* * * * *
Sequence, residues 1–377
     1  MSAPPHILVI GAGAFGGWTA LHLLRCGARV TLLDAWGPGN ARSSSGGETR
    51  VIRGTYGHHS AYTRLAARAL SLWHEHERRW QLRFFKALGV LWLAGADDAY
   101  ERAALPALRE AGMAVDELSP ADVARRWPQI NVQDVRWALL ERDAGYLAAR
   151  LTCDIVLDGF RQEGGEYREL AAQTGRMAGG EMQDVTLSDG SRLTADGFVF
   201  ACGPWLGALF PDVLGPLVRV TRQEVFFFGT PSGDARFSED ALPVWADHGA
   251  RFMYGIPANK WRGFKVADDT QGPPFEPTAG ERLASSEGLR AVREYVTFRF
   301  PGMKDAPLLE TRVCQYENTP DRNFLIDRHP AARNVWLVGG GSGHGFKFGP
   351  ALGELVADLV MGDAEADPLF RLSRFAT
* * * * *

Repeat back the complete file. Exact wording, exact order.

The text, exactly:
Sequence, residues 1–377
     1  MSAPPHILVI GAGAFGGWTA LHLLRCGARV TLLDAWGPGN ARSSSGGETR
    51  VIRGTYGHHS AYTRLAARAL SLWHEHERRW QLRFFKALGV LWLAGADDAY
   101  ERAALPALRE AGMAVDELSP ADVARRWPQI NVQDVRWALL ERDAGYLAAR
   151  LTCDIVLDGF RQEGGEYREL AAQTGRMAGG EMQDVTLSDG SRLTADGFVF
   201  ACGPWLGALF PDVLGPLVRV TRQEVFFFGT PSGDARFSED ALPVWADHGA
   251  RFMYGIPANK WRGFKVADDT QGPPFEPTAG ERLASSEGLR AVREYVTFRF
   301  PGMKDAPLLE TRVCQYENTP DRNFLIDRHP AARNVWLVGG GSGHGFKFGP
   351  ALGELVADLV MGDAEADPLF RLSRFAT